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The novel Of Mice and Men starts in the Salinas Valley on a Thursday during the Great Depression.
The novel begins the night before the men arrive at their new job. The novel opens with a serene description of nature.
A few miles south of Soledad, the Salinas River drops in close to the hillside bank and runs deep and green. (ch 1)
When George and Lennie arrive at the ranch, Whit jokes with them about arriving on a Friday. George and Lennie stop by the river the night before in order to rest, and the day is “going fast.” George does not want to go that night because they will have to work in the morning and they have had to walk four miles because the driver let them off in the wrong place.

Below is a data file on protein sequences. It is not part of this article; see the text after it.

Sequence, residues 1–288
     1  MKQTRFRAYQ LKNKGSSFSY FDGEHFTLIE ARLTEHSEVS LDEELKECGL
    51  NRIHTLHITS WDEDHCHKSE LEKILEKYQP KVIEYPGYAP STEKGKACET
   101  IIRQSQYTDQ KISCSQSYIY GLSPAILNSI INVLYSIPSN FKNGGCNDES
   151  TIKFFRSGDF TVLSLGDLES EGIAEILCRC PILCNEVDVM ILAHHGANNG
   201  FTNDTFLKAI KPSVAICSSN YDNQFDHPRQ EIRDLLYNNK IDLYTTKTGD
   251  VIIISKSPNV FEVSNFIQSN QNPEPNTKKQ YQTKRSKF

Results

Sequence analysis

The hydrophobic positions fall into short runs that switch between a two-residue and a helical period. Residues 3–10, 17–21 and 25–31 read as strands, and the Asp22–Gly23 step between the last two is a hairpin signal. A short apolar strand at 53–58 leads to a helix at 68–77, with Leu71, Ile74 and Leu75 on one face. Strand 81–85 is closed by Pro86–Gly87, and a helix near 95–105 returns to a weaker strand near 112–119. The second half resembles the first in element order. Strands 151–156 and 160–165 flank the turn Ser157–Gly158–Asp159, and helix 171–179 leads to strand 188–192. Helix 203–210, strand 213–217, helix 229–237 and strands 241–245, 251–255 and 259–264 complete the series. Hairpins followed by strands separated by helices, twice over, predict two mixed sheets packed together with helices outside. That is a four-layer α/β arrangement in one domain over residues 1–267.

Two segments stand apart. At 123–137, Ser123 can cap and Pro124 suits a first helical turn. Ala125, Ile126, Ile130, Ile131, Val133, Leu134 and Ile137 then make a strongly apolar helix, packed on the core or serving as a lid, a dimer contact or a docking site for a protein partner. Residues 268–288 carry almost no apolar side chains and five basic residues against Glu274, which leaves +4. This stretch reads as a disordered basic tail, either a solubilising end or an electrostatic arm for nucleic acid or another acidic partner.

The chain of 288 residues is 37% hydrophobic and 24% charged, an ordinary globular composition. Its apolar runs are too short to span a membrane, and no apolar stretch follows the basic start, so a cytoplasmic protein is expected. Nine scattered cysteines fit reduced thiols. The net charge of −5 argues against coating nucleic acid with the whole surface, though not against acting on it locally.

The novel takes place during the Great Depression, and George and Lennie are migrant workers. They go from ranch to ranch, following the work.
The novel is framed with these nature scenes for a reason. It begins and ends with George and Lennie alone in nature, talking about their dream of having a place of their own and raising rabbits. The dream is not a possibility, and this is a testament to the lack of reality of the American dream.
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